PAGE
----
Sports & Your Hearing Health

Sports & Your Hearing Health

March Madness… Is it “mad” for our Hearing?

March madness is officially upon us. Bars are full of screaming fans rooting for their alma mater or their workplace brackets. College students crowd into stadiums where music blasts and clever chants roar. At Fidelity Hearing, March Madness has gotten us thinking about how noise and sporting events go hand-in-hand, and how this can affect the hearing health of both fans and players. It is estimated that 26 million Americans between the ages of 20-69 suffer from preventable hearing loss due to excess noise exposure. We’ve compiled this simple guide to help you understand how loud is dangerous, which events are loudest and what you can do to protect your hearing, while still joining in on the “madness”.

How Loud is Too Loud?

Noise levels are measured in units of sound pressure called decibels. A soft whisper is about 30 decibels (or dBA) and an airplane take-off is about 140dBA. There are no official guidelines that specifically mandate how much noise a person should be exposed to during their leisure times. However, using the guidelines written by the National Institute for Occupational Safety and Health (NIOSH) is a good place to start. NIOSH outlines safe occupational noise exposure limits for workplaces. It claims that 85dBA – which is about how loud city traffic sounds while driving inside your car – is the limit of exposure for an 8-hour workday. As the decibels increase by increments of 3, the safe exposure time lessens by half. For example, at 88dBA a person can only be exposed for 4 hours. At 91dBA, 2 hours, and so on and so forth. To put that into perspective, about 95dBA (less than 1 hour daily limit) is about the noise level of driving down the freeway in a convertible.

Although NIOSH guidelines outline occupational limits, for a 40-hour workweek over an entire career, they can still be used to help determine excess exposure in leisure activities as well. Damaging noise exposure is cumulative over a lifetime and hearing loss from noise exposure is irreversible. It is also complex and includes other factors such as how much rest your ears get between noisy events and personal sensitivity.

Which Sports are Loudest?

According to the Guinness Book of World Records, the loudest crowd roar at a sporting event came in at a staggering 142.2dBA by Kansas City Chief fans in 2014. There is no safe exposure time for levels this high. Luckily for our ears, this impressive bellow is not the norm. NFL football games average between 80-90dBA, periodically reaching levels well above 100. Basketball stadiums are designed to amplify sounds – with college stadiums reaching average peak levels of 120-130dBA – enough to cause some serious damage. Hockey is also quite loud, averaging 104dBA (sound of a chainsaw 9-feet away) and peaking at about 120dBA. Things quiet down slightly for baseball fans with noises averaging at about 90dBA and peaking at about 110dBA.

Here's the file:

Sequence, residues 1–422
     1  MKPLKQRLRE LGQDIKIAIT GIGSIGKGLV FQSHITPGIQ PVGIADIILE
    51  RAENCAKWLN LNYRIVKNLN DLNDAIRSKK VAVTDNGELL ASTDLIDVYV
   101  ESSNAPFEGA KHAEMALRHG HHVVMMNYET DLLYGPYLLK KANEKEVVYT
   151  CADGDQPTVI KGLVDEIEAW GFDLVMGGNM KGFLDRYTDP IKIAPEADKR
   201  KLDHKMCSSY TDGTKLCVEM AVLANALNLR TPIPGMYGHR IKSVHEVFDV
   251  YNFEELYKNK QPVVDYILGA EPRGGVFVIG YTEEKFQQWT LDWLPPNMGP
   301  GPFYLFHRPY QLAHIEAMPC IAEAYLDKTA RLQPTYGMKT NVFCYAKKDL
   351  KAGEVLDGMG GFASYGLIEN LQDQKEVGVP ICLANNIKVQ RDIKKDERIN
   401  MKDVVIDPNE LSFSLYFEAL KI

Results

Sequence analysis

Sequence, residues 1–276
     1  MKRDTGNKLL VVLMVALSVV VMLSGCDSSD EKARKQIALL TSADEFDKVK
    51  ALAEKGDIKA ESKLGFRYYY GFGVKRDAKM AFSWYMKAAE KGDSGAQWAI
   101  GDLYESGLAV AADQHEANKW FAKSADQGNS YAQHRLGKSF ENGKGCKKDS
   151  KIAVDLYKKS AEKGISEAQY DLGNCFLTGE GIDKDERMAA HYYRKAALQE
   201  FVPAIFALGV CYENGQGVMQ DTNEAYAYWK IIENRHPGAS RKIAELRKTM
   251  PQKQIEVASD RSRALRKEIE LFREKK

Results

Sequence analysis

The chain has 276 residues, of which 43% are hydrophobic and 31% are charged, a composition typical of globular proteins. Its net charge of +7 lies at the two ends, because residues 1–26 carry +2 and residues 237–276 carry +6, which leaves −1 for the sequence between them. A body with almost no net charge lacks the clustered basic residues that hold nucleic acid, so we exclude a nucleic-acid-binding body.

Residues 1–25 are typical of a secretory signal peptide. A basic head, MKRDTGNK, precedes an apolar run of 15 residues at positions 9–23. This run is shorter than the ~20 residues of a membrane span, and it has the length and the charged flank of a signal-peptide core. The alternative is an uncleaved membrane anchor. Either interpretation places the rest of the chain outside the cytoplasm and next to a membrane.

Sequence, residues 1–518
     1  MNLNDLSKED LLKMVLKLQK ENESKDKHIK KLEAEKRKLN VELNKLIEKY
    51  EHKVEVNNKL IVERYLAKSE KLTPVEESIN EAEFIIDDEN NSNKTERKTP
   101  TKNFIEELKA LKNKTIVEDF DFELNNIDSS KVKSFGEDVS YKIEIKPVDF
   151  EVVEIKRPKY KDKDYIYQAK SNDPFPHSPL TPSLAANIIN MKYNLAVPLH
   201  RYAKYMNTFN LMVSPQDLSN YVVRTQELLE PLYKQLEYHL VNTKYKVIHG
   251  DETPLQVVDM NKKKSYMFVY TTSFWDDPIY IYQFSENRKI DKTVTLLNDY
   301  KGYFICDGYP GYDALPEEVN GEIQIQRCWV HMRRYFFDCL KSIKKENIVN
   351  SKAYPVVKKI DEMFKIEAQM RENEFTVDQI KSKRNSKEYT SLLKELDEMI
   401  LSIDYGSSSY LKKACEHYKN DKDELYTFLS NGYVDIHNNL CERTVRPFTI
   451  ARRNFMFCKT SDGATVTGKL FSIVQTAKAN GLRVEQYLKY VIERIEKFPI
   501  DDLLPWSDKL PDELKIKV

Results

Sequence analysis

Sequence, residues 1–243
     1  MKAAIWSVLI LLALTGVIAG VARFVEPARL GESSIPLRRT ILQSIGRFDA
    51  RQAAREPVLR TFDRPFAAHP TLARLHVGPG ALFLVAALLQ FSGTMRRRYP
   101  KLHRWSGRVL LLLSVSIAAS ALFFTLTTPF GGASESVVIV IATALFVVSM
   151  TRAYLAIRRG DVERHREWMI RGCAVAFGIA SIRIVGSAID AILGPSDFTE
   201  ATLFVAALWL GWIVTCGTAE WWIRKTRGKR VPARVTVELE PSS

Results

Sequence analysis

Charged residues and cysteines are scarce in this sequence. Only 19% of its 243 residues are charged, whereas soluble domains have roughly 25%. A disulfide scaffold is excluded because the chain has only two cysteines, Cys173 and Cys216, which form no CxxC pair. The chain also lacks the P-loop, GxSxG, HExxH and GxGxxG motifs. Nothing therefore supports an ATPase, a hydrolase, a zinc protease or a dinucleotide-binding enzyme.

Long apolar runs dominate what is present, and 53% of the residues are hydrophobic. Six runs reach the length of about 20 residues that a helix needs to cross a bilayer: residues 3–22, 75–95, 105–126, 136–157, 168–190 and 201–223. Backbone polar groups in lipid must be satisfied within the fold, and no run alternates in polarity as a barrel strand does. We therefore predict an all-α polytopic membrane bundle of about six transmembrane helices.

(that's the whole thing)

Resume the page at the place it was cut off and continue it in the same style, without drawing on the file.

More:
What Can I Do? (Without missing out on the fun)

Take breaks between exposures. The more rest your ears get between noisy events the less dangerous they become. This can mean limiting live events to a weekly or bi-weekly basis, or even taking a break from the madness to walk around the block during half-time. Because excess noise exposure is cumulative throughout your life, you can also limit other loud events in your day. If you work in a quiet environment and don’t blast your music on your way there, you have a higher noise allotment than someone who does not. There are also smartphone apps such as iTunes’ “Decibel 10th” which measures your environment in terms of decibels. Use an app like this to gain a better understanding of when you’re being exposed to excess noise, and for how long. The safest way to protect yourself is the old-fashioned way, by wearing ear protection to the game.

To schedule a consultation with Dr. David Dekriek, call (562) 926-6066.

Written by
Reviewed by
Dr. David DeKriek
Audiologist & Founder
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David DeKriek, Au.D. has been helping the hearing impaired of Los Angeles County to hear better for more than 20 years. Dr. Dekriek gained experience in a wide range of medical environments before opening Fidelity Hearing Center.

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